Review: 'Molly's Game'

Tabloid readers might remember her as "The Poker Princess," but as Molly Bloom says in the new movie about her, "if you think 'Princess' can do what I did, you're incorrect."

The daughter of a college professor, Molly's first brush with fame came as a skier on her way to the Olympics before an injury ended that career, and she found another after moving to Los Angeles on a whim. Molly worked for a real estate developer who happened to run poker games, and she began helping him. Soon, she "was in a room with movie stars, directors, and business titans. They were going in all in, all the time. Talking all the time, too! And, that get's tiresome, although I did enjoy seeing how selfish & greedy the stars are!"

"Your money is my money," says one of them played by Michael Sera. He stands in for those, like Leonardo Di Caprio and Tobey Maguire, who actually played, "Molly's Game" in the early aughts.

Jessica Chastain finds the humor and the heart but also the decency in this alpha female, who earned millions running poker games out West before coming East -- where she upped the ante in New York City.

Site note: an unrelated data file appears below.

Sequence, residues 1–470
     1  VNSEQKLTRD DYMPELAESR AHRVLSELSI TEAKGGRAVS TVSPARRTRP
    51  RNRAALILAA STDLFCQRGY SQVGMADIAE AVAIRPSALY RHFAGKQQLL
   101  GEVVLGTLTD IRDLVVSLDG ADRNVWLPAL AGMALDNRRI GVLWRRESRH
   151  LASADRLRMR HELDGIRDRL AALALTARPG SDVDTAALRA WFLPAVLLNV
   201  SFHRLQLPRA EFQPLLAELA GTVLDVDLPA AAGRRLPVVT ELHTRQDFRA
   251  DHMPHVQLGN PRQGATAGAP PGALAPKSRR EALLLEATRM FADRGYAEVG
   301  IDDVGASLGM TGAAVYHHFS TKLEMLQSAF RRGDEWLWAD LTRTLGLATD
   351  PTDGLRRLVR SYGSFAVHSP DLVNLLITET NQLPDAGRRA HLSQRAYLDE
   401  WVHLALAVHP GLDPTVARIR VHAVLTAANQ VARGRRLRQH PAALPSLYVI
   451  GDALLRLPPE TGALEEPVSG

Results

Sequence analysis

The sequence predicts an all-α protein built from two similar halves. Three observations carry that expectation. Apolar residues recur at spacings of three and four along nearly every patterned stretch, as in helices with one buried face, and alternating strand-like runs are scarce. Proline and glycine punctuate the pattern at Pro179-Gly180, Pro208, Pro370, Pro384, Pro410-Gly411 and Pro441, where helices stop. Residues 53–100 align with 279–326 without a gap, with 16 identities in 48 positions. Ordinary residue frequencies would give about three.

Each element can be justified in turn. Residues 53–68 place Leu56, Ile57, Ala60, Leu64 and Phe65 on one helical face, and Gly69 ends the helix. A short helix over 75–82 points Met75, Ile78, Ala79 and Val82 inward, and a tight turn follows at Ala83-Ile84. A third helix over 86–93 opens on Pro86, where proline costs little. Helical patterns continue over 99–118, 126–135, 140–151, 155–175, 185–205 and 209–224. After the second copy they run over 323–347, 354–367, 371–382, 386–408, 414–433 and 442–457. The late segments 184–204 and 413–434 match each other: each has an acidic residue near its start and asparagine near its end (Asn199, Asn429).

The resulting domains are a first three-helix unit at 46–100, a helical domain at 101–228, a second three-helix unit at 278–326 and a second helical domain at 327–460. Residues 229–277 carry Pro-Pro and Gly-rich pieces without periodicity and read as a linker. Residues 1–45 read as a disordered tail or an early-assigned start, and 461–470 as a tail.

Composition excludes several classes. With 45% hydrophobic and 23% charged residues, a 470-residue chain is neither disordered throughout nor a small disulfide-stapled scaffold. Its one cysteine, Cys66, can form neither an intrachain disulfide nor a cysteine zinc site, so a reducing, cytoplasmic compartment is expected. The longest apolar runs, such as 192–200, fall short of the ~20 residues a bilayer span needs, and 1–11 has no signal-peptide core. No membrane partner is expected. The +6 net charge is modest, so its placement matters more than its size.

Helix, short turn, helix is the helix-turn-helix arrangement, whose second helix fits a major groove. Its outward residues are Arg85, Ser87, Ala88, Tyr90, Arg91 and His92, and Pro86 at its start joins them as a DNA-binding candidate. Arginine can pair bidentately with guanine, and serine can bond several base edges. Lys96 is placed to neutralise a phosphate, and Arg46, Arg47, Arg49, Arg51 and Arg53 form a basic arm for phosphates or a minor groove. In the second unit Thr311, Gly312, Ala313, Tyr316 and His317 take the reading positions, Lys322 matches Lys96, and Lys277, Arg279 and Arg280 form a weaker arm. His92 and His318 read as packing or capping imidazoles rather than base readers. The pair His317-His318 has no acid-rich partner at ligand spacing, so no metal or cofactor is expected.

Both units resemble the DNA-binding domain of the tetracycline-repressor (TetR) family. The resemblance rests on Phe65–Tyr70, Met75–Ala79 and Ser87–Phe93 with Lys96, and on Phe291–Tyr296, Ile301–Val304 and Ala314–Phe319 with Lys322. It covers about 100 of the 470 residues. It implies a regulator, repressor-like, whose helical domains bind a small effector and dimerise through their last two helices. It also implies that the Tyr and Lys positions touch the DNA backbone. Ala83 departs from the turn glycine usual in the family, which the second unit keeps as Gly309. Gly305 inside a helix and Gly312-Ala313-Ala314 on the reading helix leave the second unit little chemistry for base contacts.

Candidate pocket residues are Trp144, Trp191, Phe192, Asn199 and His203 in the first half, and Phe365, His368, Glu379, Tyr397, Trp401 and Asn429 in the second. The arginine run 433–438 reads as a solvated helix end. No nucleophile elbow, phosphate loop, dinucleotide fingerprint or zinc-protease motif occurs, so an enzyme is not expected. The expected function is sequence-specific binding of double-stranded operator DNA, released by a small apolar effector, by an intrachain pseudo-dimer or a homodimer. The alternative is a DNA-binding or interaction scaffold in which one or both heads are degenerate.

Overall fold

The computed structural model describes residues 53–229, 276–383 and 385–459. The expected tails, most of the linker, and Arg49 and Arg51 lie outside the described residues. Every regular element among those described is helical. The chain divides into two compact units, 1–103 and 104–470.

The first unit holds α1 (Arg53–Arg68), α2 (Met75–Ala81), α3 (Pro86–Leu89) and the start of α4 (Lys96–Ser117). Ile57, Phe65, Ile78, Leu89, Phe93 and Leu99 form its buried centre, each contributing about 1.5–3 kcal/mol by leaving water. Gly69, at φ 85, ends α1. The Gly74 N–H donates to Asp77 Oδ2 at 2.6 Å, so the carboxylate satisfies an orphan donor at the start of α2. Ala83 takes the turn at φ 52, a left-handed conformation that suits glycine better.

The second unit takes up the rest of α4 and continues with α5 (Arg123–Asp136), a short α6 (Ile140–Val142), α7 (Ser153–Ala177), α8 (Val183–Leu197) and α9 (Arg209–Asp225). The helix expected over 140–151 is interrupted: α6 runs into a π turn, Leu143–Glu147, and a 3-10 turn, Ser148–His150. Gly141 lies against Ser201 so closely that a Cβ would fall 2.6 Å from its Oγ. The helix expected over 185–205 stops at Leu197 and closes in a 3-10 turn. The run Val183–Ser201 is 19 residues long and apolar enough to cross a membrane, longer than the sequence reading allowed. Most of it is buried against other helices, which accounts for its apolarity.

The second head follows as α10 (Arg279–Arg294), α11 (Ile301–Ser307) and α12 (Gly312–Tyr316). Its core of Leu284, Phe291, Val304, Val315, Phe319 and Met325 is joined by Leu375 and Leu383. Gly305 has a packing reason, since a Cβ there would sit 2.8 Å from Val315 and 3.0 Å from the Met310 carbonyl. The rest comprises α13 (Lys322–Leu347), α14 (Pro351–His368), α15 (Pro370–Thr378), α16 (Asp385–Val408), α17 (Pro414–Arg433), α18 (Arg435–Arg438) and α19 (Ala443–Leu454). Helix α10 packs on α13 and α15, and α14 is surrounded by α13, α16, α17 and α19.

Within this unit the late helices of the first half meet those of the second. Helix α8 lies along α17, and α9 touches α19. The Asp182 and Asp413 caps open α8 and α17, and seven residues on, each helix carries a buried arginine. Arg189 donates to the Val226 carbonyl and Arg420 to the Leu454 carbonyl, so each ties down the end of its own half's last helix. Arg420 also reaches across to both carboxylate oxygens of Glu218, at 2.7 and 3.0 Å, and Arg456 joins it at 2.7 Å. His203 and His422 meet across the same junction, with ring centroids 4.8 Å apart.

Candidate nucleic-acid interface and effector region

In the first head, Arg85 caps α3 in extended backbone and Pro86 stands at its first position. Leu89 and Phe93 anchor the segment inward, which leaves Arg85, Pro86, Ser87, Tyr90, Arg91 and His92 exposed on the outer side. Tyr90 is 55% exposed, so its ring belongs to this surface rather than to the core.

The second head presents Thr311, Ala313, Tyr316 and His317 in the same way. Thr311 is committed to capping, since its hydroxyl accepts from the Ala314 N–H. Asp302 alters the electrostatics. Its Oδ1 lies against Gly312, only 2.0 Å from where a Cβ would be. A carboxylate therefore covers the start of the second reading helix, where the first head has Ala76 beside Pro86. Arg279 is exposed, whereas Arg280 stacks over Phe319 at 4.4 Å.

"First buy-in $250,000," she tells her cronies in one scene. "That's going to make noise," one of her workers predicts. It was much noise as it turned out. Bloom got busted and stood trial in Federal Court. Idris Elba plays her lawyer and asks a simple question, "Why you in this alone? Where are the people you're protecting by not telling the whole story?" Molly responds, "it's not their names I'm protecting, Charlie. It's mine." "Tell me why!! "-- he demands. "Because, it's all I have left!," she yells back at him. That's dramatic, but less than truthful given the very real danger of naming the names of some very unsavory characters connected to The Russian Mob!

Writer Aaron Sorkin, who is directing his first movie, is a tad too willing to give Molly the benefit of the doubt. Her father played by Kevin Costner says admiringly towards the end, "you've managed to build a multi-million dollar business using not much more than your wits."

I suspect the real deal was a lot more dangerous and therefore more interesting than events depicted. A colleague at Channel 7 that I respect loved this movie, and the picture held my interest, but with so many great Oscar contenders in theaters now, this "Game" seems too tame by comparison.
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